Everyone should be able to participate in innovative projects and be recognised for doing so. All humans have a desire to create and see their creations evolve. People like to have ideas and be associated with their development. A ‘patents culture’ helps everyone to create!

What is your message to policy-makers?

The current patent system is excellent. It is the best tool we have for structuring knowledge and innovating. I encourage policy-makers to understand the way the patent system is applied and again to look at it like a Swiss Army penknife with its numerous uses.

The culture of protectionism, threats and fighting that we have seen recently in cases such as Apple-Samsung is not the best use of IP. Some people make money from it but it is a parasitic business.

We must also look at the origin of intellectual property, returning to the roots of its creation - to the fantastic spirit of IP - in order to foster the right system. IP is a tool to facilitate cooperation and growth for all. We live in a knowledge society and must promote the best use of that knowledge.

Could the European patent system be improved?

Many say patents are unreadable. Yet in the patent system we have a superb language for design that is widely accessible through the use of ‘means trees’. We must enable non- specialists to use the system. For this to happen, we need to ensure that patents are of high quality and use best practice from other national and international systems.

For example, all patent systems require people to describe their idea but the US patent system requires that the description be categorised into items, providing greater clarity for the reader. The Japanese system provides similar clarity with a patent summary page that is broken down into ‘problem to be solved’ and ‘solution.’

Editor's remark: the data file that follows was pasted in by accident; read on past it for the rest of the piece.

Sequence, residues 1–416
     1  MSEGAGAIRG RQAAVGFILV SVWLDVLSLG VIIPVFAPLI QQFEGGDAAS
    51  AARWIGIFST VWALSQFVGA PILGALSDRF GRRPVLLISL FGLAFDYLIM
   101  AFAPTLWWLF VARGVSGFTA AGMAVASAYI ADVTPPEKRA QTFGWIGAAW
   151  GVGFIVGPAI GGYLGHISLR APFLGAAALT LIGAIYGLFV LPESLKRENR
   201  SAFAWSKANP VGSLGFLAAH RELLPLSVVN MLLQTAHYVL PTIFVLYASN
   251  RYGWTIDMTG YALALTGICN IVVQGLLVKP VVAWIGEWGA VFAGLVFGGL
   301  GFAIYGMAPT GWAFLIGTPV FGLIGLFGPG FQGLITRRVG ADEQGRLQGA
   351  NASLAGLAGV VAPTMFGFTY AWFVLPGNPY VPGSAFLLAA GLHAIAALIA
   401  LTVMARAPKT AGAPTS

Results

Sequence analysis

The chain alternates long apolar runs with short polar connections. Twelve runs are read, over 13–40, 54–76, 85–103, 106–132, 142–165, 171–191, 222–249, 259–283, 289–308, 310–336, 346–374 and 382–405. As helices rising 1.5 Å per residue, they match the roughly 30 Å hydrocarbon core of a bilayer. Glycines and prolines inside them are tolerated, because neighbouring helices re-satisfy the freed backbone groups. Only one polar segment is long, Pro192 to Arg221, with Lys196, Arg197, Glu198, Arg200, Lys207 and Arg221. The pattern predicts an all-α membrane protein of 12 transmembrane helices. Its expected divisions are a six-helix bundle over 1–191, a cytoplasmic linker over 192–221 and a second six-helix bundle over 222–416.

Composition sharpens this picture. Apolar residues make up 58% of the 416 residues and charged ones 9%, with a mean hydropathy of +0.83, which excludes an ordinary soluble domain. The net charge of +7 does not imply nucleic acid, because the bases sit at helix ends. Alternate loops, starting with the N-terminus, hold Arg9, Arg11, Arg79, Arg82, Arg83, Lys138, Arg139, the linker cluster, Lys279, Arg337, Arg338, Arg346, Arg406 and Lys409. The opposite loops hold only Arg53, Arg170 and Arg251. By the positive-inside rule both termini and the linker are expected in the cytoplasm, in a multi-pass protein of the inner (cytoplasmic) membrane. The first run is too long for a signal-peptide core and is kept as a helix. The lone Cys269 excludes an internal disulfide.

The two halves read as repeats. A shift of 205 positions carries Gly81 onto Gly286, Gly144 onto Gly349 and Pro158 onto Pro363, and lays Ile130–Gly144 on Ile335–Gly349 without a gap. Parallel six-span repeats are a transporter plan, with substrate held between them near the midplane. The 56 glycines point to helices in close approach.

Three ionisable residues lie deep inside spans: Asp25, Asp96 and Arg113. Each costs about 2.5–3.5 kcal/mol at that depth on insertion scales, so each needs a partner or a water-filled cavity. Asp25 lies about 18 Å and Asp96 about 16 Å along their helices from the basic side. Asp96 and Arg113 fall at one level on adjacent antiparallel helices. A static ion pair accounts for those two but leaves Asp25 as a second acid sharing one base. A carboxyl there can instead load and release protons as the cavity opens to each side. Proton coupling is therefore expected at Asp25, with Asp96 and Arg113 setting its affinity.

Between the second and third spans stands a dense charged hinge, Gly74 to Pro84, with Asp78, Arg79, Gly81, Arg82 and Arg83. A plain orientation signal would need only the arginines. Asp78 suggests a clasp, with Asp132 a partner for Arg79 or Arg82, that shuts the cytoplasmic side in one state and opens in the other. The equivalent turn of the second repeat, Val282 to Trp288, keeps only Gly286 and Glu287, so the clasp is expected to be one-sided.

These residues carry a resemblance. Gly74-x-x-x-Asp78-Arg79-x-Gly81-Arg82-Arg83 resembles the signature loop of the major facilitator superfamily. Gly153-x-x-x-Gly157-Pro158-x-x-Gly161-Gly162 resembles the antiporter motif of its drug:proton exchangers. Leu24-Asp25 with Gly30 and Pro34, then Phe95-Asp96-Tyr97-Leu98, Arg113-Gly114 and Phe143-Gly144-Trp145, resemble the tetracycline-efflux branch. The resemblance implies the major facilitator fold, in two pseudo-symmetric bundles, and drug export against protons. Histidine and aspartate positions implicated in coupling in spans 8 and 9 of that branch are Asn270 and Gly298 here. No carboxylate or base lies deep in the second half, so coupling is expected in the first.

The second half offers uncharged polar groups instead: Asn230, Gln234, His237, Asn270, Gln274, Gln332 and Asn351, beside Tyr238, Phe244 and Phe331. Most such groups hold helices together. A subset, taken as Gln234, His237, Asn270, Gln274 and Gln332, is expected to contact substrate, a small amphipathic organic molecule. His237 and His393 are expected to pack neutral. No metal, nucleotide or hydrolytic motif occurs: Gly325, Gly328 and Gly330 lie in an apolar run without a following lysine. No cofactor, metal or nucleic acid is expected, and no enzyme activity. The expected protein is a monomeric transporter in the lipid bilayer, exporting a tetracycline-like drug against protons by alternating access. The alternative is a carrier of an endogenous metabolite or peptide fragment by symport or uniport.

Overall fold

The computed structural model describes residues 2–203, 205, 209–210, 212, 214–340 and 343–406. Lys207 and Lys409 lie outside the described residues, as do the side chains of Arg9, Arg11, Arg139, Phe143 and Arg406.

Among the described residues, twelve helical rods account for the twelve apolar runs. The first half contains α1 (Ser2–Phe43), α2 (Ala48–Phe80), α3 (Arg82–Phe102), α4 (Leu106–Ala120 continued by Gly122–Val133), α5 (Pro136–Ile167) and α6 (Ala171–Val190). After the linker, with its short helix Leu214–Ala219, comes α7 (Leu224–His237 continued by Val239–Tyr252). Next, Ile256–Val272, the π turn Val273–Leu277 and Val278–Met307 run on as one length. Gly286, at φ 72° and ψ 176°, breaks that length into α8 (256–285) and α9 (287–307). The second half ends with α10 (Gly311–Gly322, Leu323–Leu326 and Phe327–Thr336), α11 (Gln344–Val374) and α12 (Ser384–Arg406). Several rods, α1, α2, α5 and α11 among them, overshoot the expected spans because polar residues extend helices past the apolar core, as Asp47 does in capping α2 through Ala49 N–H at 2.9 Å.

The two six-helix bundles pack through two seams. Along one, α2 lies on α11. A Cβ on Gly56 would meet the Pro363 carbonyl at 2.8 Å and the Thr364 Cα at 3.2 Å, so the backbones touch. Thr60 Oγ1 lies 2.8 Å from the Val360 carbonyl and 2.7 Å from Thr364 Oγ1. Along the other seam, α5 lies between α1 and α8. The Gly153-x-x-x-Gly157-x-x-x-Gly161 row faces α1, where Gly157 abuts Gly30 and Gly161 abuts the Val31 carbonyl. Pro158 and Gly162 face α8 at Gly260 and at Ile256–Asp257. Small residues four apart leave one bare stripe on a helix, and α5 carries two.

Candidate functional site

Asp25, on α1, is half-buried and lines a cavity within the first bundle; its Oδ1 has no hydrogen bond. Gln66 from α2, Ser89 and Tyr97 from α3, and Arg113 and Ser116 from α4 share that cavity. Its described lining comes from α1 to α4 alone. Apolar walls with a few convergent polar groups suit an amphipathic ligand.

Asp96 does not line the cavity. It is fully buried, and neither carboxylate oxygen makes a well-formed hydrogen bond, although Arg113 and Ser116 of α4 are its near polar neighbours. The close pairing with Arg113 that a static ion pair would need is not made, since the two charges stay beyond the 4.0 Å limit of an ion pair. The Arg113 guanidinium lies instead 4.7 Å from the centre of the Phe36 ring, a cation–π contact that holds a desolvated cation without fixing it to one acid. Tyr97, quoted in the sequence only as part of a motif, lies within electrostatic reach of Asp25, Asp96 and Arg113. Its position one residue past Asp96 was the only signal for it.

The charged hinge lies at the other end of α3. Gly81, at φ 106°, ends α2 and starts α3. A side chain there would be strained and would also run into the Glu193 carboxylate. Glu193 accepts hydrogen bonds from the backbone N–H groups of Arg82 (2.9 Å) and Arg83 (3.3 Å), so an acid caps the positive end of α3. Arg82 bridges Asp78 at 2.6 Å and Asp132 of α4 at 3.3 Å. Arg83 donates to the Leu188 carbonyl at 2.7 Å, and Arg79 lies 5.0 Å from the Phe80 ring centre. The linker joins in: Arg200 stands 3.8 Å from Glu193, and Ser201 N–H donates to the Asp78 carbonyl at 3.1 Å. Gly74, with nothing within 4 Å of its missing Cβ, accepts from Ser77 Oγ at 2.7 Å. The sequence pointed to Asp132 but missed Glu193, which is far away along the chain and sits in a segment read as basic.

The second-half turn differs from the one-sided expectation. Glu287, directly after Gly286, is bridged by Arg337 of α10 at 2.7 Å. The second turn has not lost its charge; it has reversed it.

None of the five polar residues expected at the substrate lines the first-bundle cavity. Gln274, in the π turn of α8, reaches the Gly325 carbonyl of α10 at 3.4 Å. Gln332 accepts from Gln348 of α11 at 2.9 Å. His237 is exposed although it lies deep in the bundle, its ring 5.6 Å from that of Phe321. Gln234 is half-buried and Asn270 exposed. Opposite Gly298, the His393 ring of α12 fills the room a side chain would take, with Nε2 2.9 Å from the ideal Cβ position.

Patents should also be written collectively, not just by lawyers, because the patent’s value depends on one’s strategic position. In Europe we must also develop an intellectual property mindset across national education to encourage good use of IP and discourage negative use.

What is your message to the inventor?

Improve your skills to be able to use patents effectively. Understand the Swiss Army penknife analogy to see all the multiple uses of patents and familiarise yourself with the language. This will improve your ability to invent, co-operate and develop partnerships.

To read more about Yann de Kermadec’s perception of the benefits and evolution of IP a summary of his recent paper “Companies best practice for managing IP,” can be downloaded here.

Yann’s publications include:

  • Innover grâce aux brevets, INSEP Editions, 1999-2001
  • Innover, c'est l'affaire de tous, INSEP Editions, 2003-2009.
  • La propriété intellectuelle au service de l'innovation, NATHAN, 2005-2009 (avec Pierre Breesé).
  • PME : pensez propriété intellectuelle !, DGCIS, 2010 (avec Pierre Breesé).

Author: Emma Bluck

The views expressed in this feature are those of the interviewee and may not reflect the views of 4iP Council or its members. The purpose of this feature area is to reflect thinking on the topic of intellectual property and enable open discussion.

[i] Taylorism is a production efficiency methodology that breaks down every action or task into small and simple segments which can be easily analysed and taught.